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The PSNet Collection: All Content

The AHRQ PSNet Collection comprises an extensive selection of resources relevant to the patient safety community. These resources come in a variety of formats, including literature, research, tools, and Web sites. Resources are identified using the National Library of Medicine’s Medline database, various news and content aggregators, and the expertise of the AHRQ PSNet editorial and technical teams.

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Displaying 1 - 20 of 213 Results
Warm EJ, Ahmad Y, Kinnear B, et al. Acad Med. 2021;96:1268-1275.
Technical and procedural skills are an important emphasis of medical training. This article briefly summarizes the “as low as reasonably achievable” (ALARA) approach, which was developed for the nuclear industry and has been used in radiology. The authors outline how ALARA risk standards can be adapted by training program directors to measure procedural competency and assess and reduce bedside procedural risks.
Curated Libraries
September 13, 2021
Ensuring maternal safety is a patient safety priority. This library reflects a curated selection of PSNet content focused on improving maternal safety. Included resources explore strategies with the potential to improve maternal care delivery and outcomes, such as high reliability, care standardization,teamwork, unit-based safety initiatives, and...
Mackenhauer J, Winsløv J-H, Holmskov J, et al. Crisis. 2021;43:307-314.
Prior research has found that patients who die by suicide often had recent contact with the healthcare setting. Based on a multi-year chart review at one institution, the authors concluded that suicide risk assessment and documentation in the heath record to be insufficient. The authors outline quality improvement recommendations focused on improving documentation, suicide assessment and intervention training, and improving communications with families, caregivers, and other health care providers.
Abela G. J Tissue Viability. 2021;30:339-345.
Hospital-acquired pressure injuries (HAPI) can lead to increase costs and length of stay. Through root cause analysis, this geriatric rehabilitation hospital identified factors that contributed to the development of HAPI in its facility. Recommendations for improvement targeted both system- and human-level factors.
Langevin M, Ward N, Fitzgibbons C, et al. Simul Healthc. 2022;17:e51-e58.
Prior research has found that simulation-based event analysis (SBEA) can identify novel sources of error as well as generate creative strategies for error prevention. In this study, researchers found that simulation can optimize SBEA-generated recommendations and that it provides opportunity to test the intervention in real-life settings before widespread implementation.
Urman RD, Seger DL, Fiskio JM, et al. J Patient Saf. 2021;17:e76-e83.
Harm from opioids is a widely recognized patient safety issue, and potential harm associated with short-term use is a growing area of concern. This analysis of a previously opioid-free surgical population identified a high rate of potential opioid-related adverse drug events (ORADEs); risk was strongly associated with route and duration of post-operative opioid administration. The presence of an ORADE was associated with longer postoperative length of stay, higher hospitalization costs, lower odds of discharge home, and higher odds of death.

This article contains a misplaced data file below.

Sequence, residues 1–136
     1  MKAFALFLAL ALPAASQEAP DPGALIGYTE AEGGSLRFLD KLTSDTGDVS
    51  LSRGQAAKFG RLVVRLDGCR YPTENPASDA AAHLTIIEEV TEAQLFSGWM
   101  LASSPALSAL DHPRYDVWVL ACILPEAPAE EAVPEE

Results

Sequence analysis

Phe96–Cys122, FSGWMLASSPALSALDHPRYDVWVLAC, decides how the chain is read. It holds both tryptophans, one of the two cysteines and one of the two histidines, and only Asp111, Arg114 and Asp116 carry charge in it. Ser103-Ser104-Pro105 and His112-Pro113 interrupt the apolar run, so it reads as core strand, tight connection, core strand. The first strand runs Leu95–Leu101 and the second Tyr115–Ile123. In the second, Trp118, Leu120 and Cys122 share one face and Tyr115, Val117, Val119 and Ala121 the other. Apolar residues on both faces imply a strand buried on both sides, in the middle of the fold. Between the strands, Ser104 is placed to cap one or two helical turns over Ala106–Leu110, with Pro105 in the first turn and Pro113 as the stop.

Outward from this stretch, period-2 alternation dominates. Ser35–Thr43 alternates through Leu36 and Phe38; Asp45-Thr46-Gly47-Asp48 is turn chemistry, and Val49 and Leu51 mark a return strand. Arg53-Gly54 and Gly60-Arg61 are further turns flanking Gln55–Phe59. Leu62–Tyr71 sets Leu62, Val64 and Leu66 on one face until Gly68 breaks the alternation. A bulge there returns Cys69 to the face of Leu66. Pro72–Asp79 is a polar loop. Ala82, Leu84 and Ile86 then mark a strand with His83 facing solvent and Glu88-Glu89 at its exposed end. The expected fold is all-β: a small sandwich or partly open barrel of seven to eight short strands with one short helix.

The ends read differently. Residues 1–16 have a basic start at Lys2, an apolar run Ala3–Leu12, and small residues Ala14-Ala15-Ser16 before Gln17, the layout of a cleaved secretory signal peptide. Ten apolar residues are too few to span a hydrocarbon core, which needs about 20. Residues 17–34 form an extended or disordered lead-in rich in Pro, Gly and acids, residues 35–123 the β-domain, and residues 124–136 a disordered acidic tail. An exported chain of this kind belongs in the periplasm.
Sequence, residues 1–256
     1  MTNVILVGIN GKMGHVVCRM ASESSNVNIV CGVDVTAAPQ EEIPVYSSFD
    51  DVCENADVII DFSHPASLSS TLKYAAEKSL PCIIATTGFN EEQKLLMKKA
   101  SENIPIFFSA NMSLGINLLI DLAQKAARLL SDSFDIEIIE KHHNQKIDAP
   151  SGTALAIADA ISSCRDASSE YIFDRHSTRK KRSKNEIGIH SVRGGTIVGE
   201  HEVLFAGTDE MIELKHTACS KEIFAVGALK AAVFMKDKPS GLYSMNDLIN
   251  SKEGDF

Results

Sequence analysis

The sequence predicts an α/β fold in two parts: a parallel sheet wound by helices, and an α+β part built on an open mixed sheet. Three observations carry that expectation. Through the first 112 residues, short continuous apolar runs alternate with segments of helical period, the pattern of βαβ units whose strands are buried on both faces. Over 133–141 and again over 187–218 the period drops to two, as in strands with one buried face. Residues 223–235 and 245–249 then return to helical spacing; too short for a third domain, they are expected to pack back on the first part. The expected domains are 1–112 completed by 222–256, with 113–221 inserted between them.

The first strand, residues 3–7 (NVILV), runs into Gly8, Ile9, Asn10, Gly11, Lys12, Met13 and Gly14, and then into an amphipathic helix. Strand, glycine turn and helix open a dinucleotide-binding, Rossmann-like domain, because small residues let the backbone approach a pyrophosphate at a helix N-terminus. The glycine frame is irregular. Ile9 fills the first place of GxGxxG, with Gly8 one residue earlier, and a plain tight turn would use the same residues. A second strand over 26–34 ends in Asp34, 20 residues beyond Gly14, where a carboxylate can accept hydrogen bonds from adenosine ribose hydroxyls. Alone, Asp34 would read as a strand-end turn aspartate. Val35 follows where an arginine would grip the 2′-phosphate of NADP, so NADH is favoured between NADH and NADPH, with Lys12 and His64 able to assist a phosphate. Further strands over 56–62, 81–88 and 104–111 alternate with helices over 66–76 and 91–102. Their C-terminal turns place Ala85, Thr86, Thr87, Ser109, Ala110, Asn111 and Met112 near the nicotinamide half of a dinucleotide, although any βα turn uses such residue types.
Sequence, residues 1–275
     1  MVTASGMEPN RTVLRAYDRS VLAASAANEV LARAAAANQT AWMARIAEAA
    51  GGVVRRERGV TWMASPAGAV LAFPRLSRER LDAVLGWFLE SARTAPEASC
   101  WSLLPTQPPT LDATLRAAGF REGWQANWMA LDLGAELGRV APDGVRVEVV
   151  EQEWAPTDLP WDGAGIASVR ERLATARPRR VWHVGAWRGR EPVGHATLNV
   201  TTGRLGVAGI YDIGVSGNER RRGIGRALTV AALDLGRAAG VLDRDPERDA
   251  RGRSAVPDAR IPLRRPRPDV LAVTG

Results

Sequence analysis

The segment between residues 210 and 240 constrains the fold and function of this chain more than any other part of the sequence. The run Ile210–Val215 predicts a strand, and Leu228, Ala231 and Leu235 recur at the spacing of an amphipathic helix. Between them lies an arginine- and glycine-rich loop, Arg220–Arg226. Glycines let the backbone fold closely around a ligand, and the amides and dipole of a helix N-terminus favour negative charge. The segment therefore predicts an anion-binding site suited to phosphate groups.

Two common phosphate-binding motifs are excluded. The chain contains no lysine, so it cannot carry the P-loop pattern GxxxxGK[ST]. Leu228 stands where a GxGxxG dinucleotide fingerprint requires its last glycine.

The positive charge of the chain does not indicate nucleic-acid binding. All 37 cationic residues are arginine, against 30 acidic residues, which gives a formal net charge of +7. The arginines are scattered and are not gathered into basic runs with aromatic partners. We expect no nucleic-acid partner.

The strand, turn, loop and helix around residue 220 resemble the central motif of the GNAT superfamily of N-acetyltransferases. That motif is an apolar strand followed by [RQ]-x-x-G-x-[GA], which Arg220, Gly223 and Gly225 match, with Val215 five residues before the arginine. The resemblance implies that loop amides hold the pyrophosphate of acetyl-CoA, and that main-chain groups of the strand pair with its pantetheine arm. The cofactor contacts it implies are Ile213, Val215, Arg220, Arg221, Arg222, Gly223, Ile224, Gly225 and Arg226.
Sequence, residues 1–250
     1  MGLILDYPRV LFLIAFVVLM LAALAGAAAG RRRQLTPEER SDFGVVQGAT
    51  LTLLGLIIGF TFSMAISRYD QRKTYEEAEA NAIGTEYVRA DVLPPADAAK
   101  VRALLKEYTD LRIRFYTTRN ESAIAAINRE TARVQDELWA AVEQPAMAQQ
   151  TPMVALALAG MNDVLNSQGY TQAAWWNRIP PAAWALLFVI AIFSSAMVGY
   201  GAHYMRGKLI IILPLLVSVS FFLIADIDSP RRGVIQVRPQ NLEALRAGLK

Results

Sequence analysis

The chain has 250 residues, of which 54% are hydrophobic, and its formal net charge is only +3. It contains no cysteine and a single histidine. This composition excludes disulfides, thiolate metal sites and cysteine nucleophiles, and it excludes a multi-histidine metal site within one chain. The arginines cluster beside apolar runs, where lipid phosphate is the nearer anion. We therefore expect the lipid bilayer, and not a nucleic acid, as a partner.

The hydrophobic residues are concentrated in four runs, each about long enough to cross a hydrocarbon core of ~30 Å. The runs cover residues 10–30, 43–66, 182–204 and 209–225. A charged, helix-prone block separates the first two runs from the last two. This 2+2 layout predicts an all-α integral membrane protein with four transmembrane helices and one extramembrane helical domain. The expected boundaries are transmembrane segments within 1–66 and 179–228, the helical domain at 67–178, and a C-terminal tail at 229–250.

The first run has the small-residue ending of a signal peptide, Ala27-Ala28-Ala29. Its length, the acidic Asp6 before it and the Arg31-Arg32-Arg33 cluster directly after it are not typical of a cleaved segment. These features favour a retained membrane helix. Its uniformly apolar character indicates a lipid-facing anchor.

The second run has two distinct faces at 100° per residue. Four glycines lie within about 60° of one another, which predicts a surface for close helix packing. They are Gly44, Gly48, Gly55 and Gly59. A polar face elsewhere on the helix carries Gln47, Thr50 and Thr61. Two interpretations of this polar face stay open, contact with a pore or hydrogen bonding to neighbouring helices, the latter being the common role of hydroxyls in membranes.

Tzeng H-M, Jansen LS, Okpalauwaekwe U, et al. J Nurs Care Qual. 2021;36:327-332.
Patient falls are an ongoing patient safety concern, yet mitigating falls among inpatients remains challenging. This article describes one nursing home’s experience adapting the Fall TIPS program for use in their patient population. The program, which emphasizes tailored fall-prevention and patient-family engagement, resulted in a decrease in the rate of falls and injuries.
Dykes PC, Lowenthal G, Faris A, et al. J Patient Saf. 2021;17:56-62.
Failure to rescue – the lack of adequate response to patient deterioration – has been associated with adverse patient outcomes, particularly in acute care settings. This article describes two health systems’ efforts to implement in-hospital Clinical Monitoring System Technology (CMST) which positively impacted failure-to-rescue events. The authors identified barriers and facilitators to CMST use, which informed the development of an implementation toolkit addressing readiness, implementation, patient/family introduction, champions, and troubleshooting. 
Kjaergaard-Andersen G, Ibsgaard P, Paltved C, et al. Int J Health Care Qual. 2021;33:mzaa148.
Simulation training is used by hospitals to improve patient care. This study describes the experience of one Danish hospital shifting from simulation training at external centers to in situ training. The shift to in situ training identified several latent safety threats (e.g., equipment access, lack of closed-loop communication, out-of-date checklists) and these findings led to practice changes.  
Chen A, Wolpaw BJ, Vande Vusse LK, et al. Acad Med. 2021;96:75-82.
Quality improvement and patient safety (QIPS) training is increasingly being incorporated into formal medical education. This article describes an integrated framework for QIPS training for internal medicine residents focused on four areas: (1) culture of safety, (2) strategies for investigating events and tracking improvements, (3) reporting and presenting events, and (4) improvement work. This specialty-agnostic framework allows for integration across graduate medical education (GME) specialties and can serve as a model for other institutions.